While sarcasm can often be a source of humor when done playfully, it can also be used as a tool to make someone feel stupid, ignorant, or silly. 

This can take the form of abusive language, or personal insults based on physical or verbal actions.

Both of these are used to make the other person feel ‘small’, and are common tools used by abusers. 


Making something seem unimportant or trivial is a commonly used weapon by verbal abusers.

This can be used to lessen a person’s achievements, undermine their ability to function on their own, or make their complaint seem like an overreaction. 


Belittling is a personal attack which aims to make the recipient feel small or insignificant.

Many abusers will use belittling to break down someone’s self esteem and confidence, and make them believe cruel mistruths about themselves, their appearance, or their abilities – for example making a skinny person feel overweight, or a perfectly intelligent person feel inferior. 


Undermining violates the maxim of quality by criticizing your suggestions or ideas.

This is another tool for control, and is designed for them to get their own way by reducing your own confidence in your ideas. 


Gaslighting is perhaps the most cruel of all of these violations, and involves one person making another believe false information about themselves, convincing them they have done something they haven’t, or otherwise making them feel like they are losing their mind, and their understanding of themselves or a situation.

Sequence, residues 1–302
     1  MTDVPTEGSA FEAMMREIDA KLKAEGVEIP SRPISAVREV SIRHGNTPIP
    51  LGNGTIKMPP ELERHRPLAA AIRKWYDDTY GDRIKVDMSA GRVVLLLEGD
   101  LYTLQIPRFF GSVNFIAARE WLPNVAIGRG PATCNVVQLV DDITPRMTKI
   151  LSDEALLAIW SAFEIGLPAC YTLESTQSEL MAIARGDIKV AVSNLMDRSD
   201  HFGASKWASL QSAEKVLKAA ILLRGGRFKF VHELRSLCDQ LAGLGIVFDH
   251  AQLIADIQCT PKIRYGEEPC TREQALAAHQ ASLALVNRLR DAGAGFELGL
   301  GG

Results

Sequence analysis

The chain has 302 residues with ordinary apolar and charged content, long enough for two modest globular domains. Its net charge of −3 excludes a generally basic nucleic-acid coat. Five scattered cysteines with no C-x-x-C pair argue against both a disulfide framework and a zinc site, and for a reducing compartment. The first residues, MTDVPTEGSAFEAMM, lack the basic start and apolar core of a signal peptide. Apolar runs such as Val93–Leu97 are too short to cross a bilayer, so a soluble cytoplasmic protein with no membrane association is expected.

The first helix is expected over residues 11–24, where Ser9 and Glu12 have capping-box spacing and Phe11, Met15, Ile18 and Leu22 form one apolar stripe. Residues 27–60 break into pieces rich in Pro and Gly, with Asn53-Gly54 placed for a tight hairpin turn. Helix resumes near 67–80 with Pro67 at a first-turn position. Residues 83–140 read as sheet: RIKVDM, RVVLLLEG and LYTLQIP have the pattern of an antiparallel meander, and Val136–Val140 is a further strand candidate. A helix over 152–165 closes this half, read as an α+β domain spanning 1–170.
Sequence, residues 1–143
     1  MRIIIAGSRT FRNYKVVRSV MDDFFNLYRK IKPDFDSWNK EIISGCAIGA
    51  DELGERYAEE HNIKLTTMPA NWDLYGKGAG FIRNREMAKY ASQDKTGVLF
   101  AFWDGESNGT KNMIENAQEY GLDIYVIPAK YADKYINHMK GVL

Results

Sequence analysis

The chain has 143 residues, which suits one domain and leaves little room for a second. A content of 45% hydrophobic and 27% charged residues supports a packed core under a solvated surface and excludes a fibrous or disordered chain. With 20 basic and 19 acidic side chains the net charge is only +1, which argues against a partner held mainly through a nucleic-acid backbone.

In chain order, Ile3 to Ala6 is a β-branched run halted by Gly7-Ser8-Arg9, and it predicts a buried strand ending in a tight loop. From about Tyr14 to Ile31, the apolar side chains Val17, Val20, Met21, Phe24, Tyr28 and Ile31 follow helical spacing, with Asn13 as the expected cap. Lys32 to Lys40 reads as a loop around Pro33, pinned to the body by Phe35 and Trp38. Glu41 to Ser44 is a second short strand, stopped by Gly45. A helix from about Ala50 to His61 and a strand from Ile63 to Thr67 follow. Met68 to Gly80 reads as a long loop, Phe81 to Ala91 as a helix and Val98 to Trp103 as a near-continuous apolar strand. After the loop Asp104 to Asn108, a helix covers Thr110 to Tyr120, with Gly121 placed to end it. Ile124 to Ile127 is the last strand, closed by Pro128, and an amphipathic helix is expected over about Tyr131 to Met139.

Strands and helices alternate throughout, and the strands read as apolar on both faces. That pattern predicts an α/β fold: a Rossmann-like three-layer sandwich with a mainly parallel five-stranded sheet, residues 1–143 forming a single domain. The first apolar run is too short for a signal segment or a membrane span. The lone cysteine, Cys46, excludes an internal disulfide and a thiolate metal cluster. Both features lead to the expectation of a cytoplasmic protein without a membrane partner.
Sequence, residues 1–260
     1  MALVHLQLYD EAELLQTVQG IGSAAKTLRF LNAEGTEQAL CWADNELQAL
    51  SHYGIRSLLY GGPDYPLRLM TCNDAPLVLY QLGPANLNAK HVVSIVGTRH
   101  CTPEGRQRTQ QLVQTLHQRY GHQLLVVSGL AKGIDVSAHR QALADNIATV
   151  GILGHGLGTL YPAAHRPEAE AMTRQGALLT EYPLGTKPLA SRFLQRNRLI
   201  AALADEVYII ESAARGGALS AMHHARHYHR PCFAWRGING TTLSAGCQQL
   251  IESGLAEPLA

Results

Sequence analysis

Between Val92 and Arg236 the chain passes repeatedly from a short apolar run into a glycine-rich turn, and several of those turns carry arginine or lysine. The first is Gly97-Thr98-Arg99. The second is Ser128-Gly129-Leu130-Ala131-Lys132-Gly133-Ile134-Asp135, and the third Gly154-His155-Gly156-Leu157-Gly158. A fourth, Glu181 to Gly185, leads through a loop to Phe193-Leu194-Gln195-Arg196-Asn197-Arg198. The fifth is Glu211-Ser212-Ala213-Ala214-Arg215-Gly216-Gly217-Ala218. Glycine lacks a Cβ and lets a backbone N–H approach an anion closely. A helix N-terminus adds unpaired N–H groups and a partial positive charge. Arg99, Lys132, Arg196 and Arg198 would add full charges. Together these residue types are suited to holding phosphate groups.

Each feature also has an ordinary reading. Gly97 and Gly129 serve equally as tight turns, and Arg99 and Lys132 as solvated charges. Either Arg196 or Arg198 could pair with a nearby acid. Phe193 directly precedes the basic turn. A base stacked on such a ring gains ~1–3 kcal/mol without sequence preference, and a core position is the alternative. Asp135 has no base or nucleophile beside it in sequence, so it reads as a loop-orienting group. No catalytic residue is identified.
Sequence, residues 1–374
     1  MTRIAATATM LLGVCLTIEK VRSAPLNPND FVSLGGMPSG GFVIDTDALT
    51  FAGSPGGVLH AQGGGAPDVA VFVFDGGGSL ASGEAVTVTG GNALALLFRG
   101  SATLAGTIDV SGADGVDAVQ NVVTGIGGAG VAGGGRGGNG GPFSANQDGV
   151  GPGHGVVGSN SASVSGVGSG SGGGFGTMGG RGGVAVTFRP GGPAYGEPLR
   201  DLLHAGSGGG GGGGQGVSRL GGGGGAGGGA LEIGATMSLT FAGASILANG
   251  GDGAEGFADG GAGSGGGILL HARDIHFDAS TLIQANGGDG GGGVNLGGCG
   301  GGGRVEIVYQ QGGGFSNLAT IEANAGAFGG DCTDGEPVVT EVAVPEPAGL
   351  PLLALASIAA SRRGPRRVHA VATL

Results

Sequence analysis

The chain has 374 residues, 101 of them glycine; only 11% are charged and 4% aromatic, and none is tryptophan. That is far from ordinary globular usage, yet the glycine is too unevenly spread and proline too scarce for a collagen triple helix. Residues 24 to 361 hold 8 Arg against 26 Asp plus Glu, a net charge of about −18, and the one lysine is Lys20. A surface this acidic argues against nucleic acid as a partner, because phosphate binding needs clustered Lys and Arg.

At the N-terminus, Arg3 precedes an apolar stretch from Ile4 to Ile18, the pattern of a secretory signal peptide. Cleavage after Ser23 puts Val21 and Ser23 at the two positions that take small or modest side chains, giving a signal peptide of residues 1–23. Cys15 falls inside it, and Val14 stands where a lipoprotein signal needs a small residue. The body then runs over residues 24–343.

This occurs a lot in toxic relationships, and can be quite damaging to a person and their mental wellbeing. 

Verbal Abuse Of ‘Quantity’

The main way of violating this maxim is through the withholding of attention, interest, or information. 


If a person goes into a lot of detail about a certain topic that is important to them, and you barely give them anything back in response, then this could be seen as purposely withholding enthusiasm and interest. 

Verbal Abuse Of ‘Relevance’

This can seem like a difficult one to grasp, but generally revolves around blocking and diverting. 

Blocking & Diverting

This is when someone comes to you wanting to talk about a certain issue, and you shut them down before they can even properly communicate what they are trying to say. 

Whether this is done by shutting them down completely, or simply diverting the conversation into one where you have the power and dominance, is entirely dependent on the situation. 

Verbal Abuse Of ‘Manner’

Abusers may violate this maxim by using pretentious language to make those around them feel unintelligent or inferior.

This is a common tactic used by abusers, and can be seen commonly as a way of boasting, or establishing dominance amongst mixed groups. 

The abuse of ‘manner’ can also be used by gaslighters, responding with unrelated information to make them think that they were not communicating effectively. 

Final Thoughts

And there we have it, everything you need to know about the maxims of normal conversations, and the ways that verbal abusers will exploit them to gain power within a conversation.